How do you distinguish between past, present, and future? Is there really an order to time?
Does it only move forward? Does it move in any direction at all?
Stop the clock. Abandon all assumptions. And try to stay calm.
This mindblowing thought experiment will only take a few minutes… …whatever that means.
In 1915, Albert Einstein published his general theory of relativity which changed, changes, will change the way we perceive time.
In this groundbreaking theory, he proposed that the laws of physics are the same for all non-accelerating observers. This basically explains why, if you were to watch a car drive past you, you would interpret the car’s passengers as moving at the same speed as the car, since their speed is relative to your position as an observer on still ground.
Meanwhile, inside the car, the passengers feel like stationary objects, since their motion matches the car’s motion, relative to the outside world. But while Einstein’s theory of relative motion could be applied to all objects in the universe, he also realized that one exception to relativity was light.
Light always moves at a constant speed. These two principles led Einstein to conceive of a link between time and space, also known as spacetime.
And one of its tricky implications is that the perception of how time passes can be different between two observers depending on how much faster one is moving compared to the other. So, if it’s possible for two observers to have two accurate perspectives of time’s passing, but for those perspectives to be different, whose clock is right, and whose is wrong?
Oddly enough, they’re both right. After all, the fact that different time zones exist are enough proof that your watch and someone’s watch across the world will read different times every second of the day.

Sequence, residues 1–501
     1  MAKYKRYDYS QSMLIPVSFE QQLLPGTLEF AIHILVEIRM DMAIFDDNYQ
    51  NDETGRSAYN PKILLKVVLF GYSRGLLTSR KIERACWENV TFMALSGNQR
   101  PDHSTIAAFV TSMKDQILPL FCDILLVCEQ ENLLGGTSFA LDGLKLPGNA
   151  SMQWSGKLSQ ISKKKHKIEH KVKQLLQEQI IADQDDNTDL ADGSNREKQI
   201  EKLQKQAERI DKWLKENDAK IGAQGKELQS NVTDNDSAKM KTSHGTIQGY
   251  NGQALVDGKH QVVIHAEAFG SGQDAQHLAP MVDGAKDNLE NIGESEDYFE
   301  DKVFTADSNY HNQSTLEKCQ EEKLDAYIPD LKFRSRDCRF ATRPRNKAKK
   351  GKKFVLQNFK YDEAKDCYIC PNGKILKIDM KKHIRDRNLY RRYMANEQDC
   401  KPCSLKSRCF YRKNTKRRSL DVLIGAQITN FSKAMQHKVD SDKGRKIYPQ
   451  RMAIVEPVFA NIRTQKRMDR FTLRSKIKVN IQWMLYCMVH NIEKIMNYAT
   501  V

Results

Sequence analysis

We’re inclined to think of the passing of time as objective or universal, since humans have all more or less agreed on the same system to organize our busy lives, and to be on the same page with our neighbors – either next door, or a few countries over!
But while time is a convenient tool for keeping track of the past, present, and future, the true nature of time is trickier to grasp once you realize that the past, present, and future could all exist at once.
When you look up at the sky, you might be able to point out Proxima Centauri. After the Sun, Proxima Centauri is the closest star to Earth, and it’s only about 4 light years away. So the light you see now, is actually 4 years old in our time. If Proxima Centauri exploded, we wouldn’t know about it until 4 years later. That’s because the speed of light is constant, no matter where you are in the universe!
Another thing you need to know is that the faster you move, the slower time does. This explains how astronaut Scott Kelly spent a year in space and came back to Earth 13 milliseconds younger than his twin.
Now, with these two examples, let’s put an astronaut on a planet that’s 4 light years away. That means that his present is unfolding 4 years ahead of you. Anything you do now on Earth is already in his past. Put simply, the past, present, and future all exist at once.
Now, before you have an existential crisis, there’s a theory that might make living in the past, present, and future all at once, a little easier. It’s called moving spotlight theory, and it basically argues that there is only one absolute present, which changes moment by moment as if a spotlight is moving over it.
So with that information, you can begin to see how the passage of time might be an illusion. There is no single objective past, objective present, and objective future, but the illusion of such is crafted by our memories, and our experiences, and our upcoming plans, which help us organize our lives into a neat sequence of events. But depending on where you are, or how fast you’re moving, that sequence will be very, very different.
So whether you’re New Age or nostalgic, or if you just prefer the present moment; don’t worry, there’s a place for you… somewhere in the universe… it might take you hundreds of years to get there, but if you move fast enough, you’ll get there in no time!
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